Piper Huxley’s Top 5 Book Recommendations

Image is a green and brown collage theme. Text reads ‘5 book recommendations’ in bottom right. Above it is a photo of Piper, a white trans woman with curly hair, pink lipstick and black liquid eyeliner. To the left are three book covers, tell me I’m worthless, girl woman other, and detransition baby.

Hey pals!

Long time no speak, I’ve decided I want to start a little series on my blog where my friends with very different reading tastes recommend 5 books they love (but this may also branch out to other things like films, TV shows, plays, who knows! but for now it’s books!) and introduce you all to other online creatives, their style, and their work! First off we have Piper, who is not new to the blog, I’ve interviewed her for both the Elliot Page post as well as the White Privilege post. So, I’m excited for you to check out her top reads.

Piper Huxley (she/her) is a transgender woman currently living in the south of England. She studied English Literature and Theatre Studies at the University of Reading. Now, Piper is a full-time content writer and creator. Her passions include starting projects that she will never finish, listening to some trashy indie record or staring at her pile of unread books – which seems to be mysteriously growing…

Some links will be Artie’s affiliate links to purchasing the books mentioned!

Detransition, Baby by Torrey Peters

First on my list – obviously – is Detransition, Baby by Torrey Peters. When this book came out last year, I remember thinking: “I don’t think I’ve ever seen something like this.” Of course, since, I’ve diversified my reading pool – looking at smaller, indie publishing houses for my books. 

But, Detransition, Baby was my first taste of what transgender fiction should be, what representation needs to look like and a trans person protagonist that I could relate to. I’m not saying that Reese and I are the same. On the contrary, we live very different lives. But, I found solace in Peters’ messy world of sarcasm and chaos. I was very much enthralled by it.

So, the book itself! This book is super impressive. So impressive, it was shortlisted for the Women’s Prize for Fiction. Peters’ debut was cynical, heartfelt and honest. Essentially, the book surrounds the character of Reese – a transgender woman living in New York. She is contacted by her ex-lover, Ames, who is a de-transitioned transgender woman; Ames has got a woman pregnant and wants to co-parent with Reese – who is desperate to be a mother!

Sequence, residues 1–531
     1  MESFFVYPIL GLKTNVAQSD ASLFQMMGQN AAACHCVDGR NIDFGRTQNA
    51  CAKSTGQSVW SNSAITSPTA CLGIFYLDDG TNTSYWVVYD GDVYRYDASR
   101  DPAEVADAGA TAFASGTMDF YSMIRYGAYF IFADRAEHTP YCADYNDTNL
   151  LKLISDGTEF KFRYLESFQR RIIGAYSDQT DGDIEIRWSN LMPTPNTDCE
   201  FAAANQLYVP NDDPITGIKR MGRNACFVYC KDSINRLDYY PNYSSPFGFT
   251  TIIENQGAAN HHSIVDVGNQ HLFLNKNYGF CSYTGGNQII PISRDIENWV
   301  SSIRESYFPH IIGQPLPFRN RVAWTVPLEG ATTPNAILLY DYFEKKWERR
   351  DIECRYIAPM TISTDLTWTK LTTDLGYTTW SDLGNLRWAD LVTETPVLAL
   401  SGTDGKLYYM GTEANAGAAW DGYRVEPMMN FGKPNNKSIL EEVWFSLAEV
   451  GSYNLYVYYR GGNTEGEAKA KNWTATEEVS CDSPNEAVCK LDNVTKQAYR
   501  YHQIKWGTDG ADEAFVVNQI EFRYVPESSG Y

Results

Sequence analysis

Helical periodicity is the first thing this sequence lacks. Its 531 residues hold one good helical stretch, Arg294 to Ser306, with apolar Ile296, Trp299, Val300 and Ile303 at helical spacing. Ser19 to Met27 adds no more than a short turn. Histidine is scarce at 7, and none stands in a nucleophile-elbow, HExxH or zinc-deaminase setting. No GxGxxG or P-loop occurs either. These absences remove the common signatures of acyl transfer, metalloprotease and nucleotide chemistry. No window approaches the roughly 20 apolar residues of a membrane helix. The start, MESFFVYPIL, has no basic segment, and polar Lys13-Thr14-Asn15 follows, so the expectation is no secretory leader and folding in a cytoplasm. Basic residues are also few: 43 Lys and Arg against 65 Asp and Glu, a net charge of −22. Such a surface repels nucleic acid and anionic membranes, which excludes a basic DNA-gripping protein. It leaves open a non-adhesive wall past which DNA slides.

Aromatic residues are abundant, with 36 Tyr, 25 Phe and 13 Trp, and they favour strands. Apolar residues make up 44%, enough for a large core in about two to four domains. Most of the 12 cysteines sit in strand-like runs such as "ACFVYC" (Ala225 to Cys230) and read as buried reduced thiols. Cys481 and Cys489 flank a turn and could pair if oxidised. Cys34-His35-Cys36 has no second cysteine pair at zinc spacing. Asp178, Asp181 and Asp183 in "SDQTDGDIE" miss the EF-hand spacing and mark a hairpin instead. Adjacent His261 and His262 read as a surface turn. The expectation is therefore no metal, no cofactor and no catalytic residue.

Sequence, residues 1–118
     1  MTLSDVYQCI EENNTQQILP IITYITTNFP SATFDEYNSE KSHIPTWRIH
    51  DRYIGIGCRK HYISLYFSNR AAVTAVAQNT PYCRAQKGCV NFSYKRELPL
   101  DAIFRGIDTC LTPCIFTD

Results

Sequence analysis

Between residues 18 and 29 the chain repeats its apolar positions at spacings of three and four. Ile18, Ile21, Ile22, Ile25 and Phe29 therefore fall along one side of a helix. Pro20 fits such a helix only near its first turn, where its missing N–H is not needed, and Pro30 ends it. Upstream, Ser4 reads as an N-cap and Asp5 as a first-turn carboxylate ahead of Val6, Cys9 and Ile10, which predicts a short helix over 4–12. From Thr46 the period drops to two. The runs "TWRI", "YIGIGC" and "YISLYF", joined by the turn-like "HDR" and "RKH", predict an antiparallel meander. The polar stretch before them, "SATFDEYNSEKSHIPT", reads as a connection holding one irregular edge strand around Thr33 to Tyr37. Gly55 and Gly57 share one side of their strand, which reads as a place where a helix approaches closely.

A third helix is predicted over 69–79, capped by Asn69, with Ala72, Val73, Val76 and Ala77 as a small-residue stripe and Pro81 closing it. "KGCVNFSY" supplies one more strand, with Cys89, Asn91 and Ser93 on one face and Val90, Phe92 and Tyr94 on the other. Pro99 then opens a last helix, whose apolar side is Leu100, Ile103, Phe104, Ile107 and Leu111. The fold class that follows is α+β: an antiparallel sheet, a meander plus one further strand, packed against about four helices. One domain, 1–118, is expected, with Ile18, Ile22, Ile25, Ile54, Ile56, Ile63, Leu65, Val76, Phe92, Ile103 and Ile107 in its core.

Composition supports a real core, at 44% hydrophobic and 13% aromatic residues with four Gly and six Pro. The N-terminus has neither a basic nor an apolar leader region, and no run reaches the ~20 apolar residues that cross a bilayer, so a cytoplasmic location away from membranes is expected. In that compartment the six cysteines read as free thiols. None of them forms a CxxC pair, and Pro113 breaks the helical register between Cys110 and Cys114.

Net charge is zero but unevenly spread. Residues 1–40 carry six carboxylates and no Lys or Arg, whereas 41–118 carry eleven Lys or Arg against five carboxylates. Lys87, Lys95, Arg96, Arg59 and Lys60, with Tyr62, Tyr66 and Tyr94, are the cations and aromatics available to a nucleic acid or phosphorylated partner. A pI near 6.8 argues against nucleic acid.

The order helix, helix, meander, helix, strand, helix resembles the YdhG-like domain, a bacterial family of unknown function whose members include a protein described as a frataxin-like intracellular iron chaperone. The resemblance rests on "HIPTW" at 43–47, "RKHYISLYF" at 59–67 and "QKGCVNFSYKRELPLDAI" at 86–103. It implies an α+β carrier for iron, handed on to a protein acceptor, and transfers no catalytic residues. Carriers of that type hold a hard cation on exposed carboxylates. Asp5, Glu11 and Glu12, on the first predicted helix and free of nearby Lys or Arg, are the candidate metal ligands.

Not only is this book witty and its characters complicated, but it’s a good choice for someone who is open-minded about the complexity of transgender life: the good, the bad and the ugly. Detransition, Baby thrives on its unconventional nature. There were parts in this novel when I was glued to the story – it was hard to prise my eyes away from the page. However, I found myself putting the book down after an intense scene – and sitting in silence – just so I could process what just happened.

It’s a wild, crazy ride of a novel. It’s nothing like you’ve read before.

Support the blog and buy a copy of the book here!

Radio Silence by Alice Oseman

Next, is Alice Oseman’s masterpiece. OK – wait – before the Heartstopper stannies jump on me… listen! I love Heartstopper and all of it represents – but, there’s more to Alice Oseman than Nick and Charlie. She has written other characters with far more interesting stories… Sorry about it. Though it’s not my personal favourite, Radio Silence is objectively Alice Oseman’s best novel… It’s hard for me to say that as a die-hard Solitaire fan – but needs must. 

Radio Silences protagonist is Frances, a study machine who is determined to get the best grades, get into the best university and start her life as an academic. Her time consists of studying and geeking out over her favourite podcast Universe City – which she keeps a secret from her friends at school. Nobody knows the real Frances. That is until she meets Aled – and her life begins to take a turn. Her past comes to confront her – but is she ready to face them?